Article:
“I wanted players to fear me,” McMahon confesses. “I wanted them to be thinking, ‘I can’t get this fella out of my head. He’s going to do anything in his power to put me off my game’.

“If there was a forward on another team who was shooting the lights out and tipped for Player of the Year and all that noise, I’d just think, ‘He’s mine’.

In his autobiography, Colm Cooper – who McMahon marked and outscored in the 2015 All-Ireland final – wrote about being “serenaded” by McMahon. Sledging isn’t among Gaelic football’s nobler arts – McMahon didn’t invent it either – but he’s open now about how and why he became such a noted practitioner.

“I have so much respect for inter-county players,” he says, a little surprisingly.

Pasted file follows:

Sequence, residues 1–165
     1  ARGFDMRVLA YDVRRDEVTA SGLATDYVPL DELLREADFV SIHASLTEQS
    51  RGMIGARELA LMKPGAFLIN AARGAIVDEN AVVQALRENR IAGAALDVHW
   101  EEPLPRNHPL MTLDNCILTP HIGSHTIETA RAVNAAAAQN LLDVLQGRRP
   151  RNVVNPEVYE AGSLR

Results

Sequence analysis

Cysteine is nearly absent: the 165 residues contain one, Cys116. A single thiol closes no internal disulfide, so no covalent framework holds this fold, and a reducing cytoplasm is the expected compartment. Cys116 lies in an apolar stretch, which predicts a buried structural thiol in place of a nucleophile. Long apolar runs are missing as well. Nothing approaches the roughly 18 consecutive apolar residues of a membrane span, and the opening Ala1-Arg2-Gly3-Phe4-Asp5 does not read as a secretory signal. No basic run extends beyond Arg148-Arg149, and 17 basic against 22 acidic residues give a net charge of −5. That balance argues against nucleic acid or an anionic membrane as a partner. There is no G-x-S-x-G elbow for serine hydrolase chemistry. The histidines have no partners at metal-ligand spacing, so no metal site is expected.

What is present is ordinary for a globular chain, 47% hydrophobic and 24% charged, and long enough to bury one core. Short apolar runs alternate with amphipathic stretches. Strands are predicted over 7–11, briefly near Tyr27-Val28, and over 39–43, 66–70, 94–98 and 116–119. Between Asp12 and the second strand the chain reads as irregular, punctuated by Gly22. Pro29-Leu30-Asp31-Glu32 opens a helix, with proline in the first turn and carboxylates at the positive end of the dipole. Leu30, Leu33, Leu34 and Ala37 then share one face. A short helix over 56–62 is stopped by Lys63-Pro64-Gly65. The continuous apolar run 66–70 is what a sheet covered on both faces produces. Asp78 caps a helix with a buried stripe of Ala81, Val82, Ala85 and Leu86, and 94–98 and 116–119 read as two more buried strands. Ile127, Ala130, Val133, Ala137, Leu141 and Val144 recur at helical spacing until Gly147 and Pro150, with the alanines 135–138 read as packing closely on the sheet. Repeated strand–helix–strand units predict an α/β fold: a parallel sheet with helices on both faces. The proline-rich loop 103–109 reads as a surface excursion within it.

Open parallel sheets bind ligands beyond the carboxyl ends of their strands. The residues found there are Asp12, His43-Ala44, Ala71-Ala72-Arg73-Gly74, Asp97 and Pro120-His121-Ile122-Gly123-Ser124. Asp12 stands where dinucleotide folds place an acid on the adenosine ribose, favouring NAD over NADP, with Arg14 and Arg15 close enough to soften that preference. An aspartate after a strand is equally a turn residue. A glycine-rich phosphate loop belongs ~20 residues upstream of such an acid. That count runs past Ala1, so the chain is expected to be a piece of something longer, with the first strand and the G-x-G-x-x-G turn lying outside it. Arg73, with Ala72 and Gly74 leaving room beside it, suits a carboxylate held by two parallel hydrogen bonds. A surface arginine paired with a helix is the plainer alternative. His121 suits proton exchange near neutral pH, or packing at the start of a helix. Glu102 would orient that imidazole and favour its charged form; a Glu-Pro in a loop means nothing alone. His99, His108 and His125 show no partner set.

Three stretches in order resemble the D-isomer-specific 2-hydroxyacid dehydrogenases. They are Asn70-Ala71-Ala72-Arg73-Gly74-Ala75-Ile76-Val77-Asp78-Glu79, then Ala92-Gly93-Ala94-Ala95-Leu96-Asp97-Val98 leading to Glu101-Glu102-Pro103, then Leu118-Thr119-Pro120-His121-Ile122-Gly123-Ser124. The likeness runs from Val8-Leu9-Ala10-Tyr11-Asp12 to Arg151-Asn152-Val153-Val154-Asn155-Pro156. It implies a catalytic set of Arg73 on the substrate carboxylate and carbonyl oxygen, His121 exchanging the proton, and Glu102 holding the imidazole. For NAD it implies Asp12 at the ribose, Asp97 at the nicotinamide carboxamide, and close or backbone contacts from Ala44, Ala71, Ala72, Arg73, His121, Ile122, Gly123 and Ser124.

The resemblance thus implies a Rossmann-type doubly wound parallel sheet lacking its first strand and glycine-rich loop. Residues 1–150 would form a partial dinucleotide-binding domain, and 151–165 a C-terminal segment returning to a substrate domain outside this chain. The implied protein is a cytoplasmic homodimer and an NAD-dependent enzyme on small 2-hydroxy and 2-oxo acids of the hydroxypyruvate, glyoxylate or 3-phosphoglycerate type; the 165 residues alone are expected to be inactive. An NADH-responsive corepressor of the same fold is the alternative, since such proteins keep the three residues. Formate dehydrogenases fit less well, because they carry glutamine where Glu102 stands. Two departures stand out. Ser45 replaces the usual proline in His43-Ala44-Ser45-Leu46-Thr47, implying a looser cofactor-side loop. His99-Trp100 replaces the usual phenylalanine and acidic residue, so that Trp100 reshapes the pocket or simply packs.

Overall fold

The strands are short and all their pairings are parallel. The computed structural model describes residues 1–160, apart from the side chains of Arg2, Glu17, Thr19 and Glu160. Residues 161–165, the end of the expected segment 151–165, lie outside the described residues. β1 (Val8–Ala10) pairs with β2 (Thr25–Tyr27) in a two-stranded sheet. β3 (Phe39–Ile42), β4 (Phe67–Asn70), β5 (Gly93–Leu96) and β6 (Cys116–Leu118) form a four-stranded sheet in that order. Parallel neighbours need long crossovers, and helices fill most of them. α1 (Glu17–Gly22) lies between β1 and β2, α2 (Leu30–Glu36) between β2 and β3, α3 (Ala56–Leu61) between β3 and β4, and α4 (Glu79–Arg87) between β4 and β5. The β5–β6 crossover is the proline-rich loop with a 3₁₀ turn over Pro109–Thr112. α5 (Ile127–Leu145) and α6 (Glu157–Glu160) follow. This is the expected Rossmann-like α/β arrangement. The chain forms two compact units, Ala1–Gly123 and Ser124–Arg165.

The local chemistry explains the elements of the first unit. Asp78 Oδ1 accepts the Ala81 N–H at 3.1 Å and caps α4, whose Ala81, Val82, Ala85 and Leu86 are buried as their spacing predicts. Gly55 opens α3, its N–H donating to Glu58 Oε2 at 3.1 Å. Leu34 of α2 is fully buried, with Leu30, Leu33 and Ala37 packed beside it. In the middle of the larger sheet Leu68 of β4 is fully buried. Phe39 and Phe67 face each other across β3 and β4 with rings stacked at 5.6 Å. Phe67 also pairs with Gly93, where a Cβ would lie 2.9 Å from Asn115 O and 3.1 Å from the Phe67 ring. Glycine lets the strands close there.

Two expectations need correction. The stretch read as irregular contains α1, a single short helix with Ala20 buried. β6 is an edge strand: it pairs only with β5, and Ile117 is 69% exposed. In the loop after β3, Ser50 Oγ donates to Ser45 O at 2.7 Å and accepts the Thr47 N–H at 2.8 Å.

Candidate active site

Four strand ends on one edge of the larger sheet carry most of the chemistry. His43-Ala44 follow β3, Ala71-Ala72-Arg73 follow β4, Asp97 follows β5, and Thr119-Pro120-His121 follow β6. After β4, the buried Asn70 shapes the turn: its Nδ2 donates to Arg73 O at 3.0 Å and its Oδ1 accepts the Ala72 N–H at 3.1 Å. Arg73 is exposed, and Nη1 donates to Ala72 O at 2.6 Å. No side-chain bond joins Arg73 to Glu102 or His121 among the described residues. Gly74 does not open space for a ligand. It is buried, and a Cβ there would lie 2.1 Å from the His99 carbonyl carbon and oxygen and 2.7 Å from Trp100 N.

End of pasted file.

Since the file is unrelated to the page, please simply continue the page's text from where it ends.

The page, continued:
“I don’t give a s**t what county you’re from. I know what it takes to get to that level. I know what you have to do.

“But when you walk across that line, I have too much respect for the jersey not to try and do everything in my power to help the team to win.”

‘Unashamed’ seems like a good word to use here.

McMahon, as he admits without reservation, did everything he could to win. It’s what made him. He was, very simply, willing to go further than most.

In the early throes of retirement, he’s still very much OK that he often went over the line of rule and more frequently again, against public taste.

He might give the impression of revelling in his infamy, his reputation, his aura even. But it didn’t come without consequence.

After 14 years and eight All-Irelands, there are bonds that can’t be broken. But McMahon won’t pretend now to have been universally popular with his own team-mates.